This thesis employs ethnographic research techniques to examine the lived experiences of individuals who participate in volunteer tourism projects. Data was gathered over a four month period from two diverse programs in South Africa, one working with children and one working with animals. Using a symbolic interactionist theoretical approach, the analysis of participant observation and interview data reveal an interaction process at the structural, group and individual level through which program participants come to identify self as a volunteer tourist and form volunteer tourist identities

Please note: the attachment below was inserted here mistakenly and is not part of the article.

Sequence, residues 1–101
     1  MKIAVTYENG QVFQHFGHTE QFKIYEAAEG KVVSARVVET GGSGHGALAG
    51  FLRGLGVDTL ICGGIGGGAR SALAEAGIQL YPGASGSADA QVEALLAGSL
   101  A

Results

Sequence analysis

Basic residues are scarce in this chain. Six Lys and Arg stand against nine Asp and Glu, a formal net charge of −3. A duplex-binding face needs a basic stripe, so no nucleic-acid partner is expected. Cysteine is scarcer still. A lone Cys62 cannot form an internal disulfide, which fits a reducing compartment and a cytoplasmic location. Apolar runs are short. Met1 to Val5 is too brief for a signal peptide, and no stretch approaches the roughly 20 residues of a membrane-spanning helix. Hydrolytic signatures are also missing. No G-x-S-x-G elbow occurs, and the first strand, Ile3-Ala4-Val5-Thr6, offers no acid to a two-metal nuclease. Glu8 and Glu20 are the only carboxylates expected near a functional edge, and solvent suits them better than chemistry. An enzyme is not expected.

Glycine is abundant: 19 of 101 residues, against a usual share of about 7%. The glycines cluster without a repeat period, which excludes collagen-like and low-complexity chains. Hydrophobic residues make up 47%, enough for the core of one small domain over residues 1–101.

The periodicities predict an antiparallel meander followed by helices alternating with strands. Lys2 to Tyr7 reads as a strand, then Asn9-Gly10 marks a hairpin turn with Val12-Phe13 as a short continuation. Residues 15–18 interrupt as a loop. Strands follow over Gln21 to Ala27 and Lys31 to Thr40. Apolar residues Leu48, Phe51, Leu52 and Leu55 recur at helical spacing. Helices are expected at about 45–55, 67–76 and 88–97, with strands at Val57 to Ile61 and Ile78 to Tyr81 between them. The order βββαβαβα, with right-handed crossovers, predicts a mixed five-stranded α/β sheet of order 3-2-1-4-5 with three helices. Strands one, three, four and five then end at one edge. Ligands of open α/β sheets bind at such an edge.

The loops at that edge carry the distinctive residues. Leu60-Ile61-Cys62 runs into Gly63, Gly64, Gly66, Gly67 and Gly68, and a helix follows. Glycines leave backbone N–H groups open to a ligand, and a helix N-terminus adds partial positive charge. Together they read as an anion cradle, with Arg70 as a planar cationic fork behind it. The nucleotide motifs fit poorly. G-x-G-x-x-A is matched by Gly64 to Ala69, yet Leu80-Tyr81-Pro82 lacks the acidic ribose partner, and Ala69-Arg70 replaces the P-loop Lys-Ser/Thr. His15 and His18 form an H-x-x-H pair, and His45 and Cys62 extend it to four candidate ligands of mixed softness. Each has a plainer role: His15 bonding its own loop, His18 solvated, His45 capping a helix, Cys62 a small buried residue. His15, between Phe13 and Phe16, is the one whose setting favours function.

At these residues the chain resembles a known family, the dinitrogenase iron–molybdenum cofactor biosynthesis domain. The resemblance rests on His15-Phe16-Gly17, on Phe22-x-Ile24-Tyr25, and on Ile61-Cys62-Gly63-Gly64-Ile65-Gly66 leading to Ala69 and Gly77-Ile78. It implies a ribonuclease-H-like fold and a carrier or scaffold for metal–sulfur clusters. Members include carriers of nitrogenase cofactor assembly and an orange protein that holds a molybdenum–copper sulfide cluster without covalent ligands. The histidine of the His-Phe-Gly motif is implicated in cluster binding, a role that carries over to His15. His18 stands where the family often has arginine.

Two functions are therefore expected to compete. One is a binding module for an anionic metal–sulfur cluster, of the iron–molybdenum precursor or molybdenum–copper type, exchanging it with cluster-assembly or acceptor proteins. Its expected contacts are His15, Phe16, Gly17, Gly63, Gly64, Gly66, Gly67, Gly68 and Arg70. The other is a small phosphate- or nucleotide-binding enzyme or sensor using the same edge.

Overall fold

appropriate to the social situation experienced within their own particular volunteer project. The findings also suggest program culture and group norms, as well as altruistic and personal motivations, may be influential in affecting volunteer tourist behaviour. Results of this study highlight the need for further cross-comparative ethnographic research on divergent programs to enhance the understanding of volunteer tourist experiences and volunteer tourism as a whole.